Tissue suppliers do not really have the business in their hands, retailer label buyers largely dictate product specifications and so the business is much less dynamic than in countries with clearly above-average market shares of branded tissue products.
In Western Europe, Italy and the UK are the main exceptions with higher shares branded products and for this reason, we also expect that these countries will benefit from innovativeness and new product launches, leading to higher tissue growth than in countries with high retailer label share. In the AfH sector, European tissue suppliers are less innovative than the US suppliers, and also the popularity and aggressive marketing of hot-air dryers threaten the growth in the janitorial segment.
RISI 2 –
Development of Tissue Consumption in Western Europe, 1996-2016
No major changes in supplier positions in recent years
There have been no revolutionary changes in tissue supplier positions in Western Europe in recent years. Essity continues to be by far the largest Western European tissue supplier, although its capacity share has declined below 30% (29.4%) as a result of the company’s recent restructuring measures, including several capacity closures. The Sofidel Group is the second-largest supplier, but with a substantially lower capacity share of 12.3%. Through recent acquisitions and some organic growth, WEPA has passed Kimberly-Clark and Metsä Tissue and now ranks third with a capacity share of just above 10%. K-C has sold and/or closed a few mills recently but still occupies the fourth position; it is not clear what K-C’s future vision for Europe is. Metsä Tissue has not made any major expansion, only some small debottlenecking work, for a while in Western Europe and has fallen down to fifth in the capacity rankings over the past few years (RISI 3 chart).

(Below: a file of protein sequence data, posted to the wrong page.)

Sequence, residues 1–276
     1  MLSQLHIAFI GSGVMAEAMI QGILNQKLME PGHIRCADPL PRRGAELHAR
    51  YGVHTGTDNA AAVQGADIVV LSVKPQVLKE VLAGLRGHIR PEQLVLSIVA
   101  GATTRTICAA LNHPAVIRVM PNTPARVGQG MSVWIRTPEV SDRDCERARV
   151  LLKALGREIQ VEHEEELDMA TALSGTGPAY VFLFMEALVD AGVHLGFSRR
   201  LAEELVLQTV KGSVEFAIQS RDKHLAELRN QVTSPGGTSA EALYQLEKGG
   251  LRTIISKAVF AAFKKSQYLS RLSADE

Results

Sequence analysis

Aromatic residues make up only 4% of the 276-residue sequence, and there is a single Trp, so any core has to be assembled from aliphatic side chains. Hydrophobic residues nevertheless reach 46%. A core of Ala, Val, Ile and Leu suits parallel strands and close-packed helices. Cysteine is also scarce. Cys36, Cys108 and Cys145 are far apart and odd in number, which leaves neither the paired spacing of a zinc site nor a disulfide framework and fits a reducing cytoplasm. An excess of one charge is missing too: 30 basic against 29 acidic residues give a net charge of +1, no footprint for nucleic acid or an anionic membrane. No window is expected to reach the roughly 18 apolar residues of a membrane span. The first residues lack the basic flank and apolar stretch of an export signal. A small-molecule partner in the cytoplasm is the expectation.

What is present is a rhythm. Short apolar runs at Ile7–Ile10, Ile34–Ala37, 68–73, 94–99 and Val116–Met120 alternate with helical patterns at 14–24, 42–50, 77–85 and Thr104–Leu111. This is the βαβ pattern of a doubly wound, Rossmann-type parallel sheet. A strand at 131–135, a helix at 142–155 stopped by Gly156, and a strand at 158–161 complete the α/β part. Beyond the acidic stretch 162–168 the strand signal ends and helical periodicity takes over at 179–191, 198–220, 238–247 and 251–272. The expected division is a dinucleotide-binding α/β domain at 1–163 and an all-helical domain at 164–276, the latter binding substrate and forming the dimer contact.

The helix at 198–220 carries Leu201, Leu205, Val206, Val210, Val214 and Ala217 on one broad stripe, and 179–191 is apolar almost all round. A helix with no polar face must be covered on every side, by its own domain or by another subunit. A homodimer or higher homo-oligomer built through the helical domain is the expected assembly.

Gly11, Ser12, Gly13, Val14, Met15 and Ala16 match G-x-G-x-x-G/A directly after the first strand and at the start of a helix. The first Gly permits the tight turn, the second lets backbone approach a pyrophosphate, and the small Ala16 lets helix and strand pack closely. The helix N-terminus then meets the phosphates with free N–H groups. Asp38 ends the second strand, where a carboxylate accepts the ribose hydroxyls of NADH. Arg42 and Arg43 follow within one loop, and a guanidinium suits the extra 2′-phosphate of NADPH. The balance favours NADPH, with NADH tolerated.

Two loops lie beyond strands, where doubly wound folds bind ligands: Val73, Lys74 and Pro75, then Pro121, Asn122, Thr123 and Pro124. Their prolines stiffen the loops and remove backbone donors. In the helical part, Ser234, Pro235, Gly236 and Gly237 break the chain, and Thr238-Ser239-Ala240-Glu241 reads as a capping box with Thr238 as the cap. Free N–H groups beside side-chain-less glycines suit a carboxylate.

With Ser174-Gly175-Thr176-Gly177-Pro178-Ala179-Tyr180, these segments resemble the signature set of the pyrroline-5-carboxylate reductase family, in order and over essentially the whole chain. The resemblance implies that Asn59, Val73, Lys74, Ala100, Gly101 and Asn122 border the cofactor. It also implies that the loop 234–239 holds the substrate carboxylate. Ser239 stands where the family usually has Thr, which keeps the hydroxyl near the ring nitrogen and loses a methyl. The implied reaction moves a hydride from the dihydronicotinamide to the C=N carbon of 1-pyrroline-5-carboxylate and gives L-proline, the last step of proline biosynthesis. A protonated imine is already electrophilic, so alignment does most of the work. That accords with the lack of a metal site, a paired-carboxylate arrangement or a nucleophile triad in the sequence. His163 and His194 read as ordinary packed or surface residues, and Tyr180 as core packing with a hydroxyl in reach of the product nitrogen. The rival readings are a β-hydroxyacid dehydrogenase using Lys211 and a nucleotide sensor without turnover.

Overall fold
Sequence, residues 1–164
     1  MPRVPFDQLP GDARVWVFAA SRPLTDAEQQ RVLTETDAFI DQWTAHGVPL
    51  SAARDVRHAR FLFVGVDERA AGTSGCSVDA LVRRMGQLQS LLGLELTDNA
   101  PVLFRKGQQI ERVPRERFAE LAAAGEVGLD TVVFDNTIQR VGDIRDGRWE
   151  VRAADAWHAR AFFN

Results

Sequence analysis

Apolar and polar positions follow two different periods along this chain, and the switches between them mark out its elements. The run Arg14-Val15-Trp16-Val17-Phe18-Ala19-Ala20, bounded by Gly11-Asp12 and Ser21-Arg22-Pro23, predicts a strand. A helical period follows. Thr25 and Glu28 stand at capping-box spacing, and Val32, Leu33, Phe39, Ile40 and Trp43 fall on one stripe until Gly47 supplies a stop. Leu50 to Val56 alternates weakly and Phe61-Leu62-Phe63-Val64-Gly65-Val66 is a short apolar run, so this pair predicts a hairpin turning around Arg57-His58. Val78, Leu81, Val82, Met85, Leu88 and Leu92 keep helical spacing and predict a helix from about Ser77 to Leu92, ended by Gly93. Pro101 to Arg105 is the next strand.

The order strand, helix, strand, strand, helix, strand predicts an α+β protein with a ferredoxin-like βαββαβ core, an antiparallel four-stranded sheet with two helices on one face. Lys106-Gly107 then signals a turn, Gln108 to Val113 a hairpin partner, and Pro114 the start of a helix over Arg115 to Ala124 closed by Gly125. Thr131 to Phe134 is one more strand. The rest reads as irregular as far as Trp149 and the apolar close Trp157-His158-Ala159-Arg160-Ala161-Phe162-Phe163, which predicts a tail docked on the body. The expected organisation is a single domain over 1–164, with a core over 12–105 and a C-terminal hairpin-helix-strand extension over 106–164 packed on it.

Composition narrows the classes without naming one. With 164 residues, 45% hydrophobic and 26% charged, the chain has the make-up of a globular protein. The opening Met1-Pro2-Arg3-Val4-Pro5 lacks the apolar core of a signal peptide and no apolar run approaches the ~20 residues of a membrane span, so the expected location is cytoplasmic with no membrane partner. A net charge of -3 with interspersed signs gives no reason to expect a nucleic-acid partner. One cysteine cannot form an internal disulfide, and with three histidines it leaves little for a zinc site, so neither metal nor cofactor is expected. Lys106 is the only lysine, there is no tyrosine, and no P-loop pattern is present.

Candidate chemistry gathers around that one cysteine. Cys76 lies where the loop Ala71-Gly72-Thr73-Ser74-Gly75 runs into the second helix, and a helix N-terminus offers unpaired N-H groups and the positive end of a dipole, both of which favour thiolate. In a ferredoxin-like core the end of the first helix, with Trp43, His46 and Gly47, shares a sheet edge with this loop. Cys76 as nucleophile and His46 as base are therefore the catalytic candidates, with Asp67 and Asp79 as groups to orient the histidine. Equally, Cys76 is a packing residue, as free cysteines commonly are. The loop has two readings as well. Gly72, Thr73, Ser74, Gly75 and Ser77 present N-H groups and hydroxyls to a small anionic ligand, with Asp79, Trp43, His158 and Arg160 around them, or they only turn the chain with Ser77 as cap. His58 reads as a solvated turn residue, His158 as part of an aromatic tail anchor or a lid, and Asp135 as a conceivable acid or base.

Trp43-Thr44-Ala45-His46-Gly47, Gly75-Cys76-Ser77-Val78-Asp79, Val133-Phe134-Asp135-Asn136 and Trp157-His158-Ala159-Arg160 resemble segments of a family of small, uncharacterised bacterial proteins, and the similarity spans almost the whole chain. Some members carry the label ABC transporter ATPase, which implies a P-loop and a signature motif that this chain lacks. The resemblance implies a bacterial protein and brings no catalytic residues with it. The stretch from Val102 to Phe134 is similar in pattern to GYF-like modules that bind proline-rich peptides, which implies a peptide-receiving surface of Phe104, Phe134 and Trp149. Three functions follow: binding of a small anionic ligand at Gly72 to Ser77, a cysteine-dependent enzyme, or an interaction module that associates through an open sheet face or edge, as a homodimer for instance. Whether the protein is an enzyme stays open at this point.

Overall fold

Industrie Cartarie Tronchetti (ICT) now ranks sixth. The Lucart Group improved its ranking through the acquisition of Novatissue in France and G-P’s Italian assets, and although it sold its French mill to WEPA, Lucart remains in seventh position. The most recent acqusition of Lucart, the ex-CEL Aranguren mill, is not included in its capacity as the deal was completed end-January 2018 and PMs were idle at the end of 2017. The combined capacity of the tissue mills owned by the Carrara family (led by Massimo Carrara) entitles Cartiere Carrara (formerly we used the name MC Tissue Group) to a rank of eighth, and the company has additional expansion in its long-term plans. Renova of Portugal and Fripa of Germany complete the top 10 ranking with rather similar capacities, after Renova started up its newest PM in early 2017. All the top 10 companies have a capacity of more than 100,000 tonnes per year.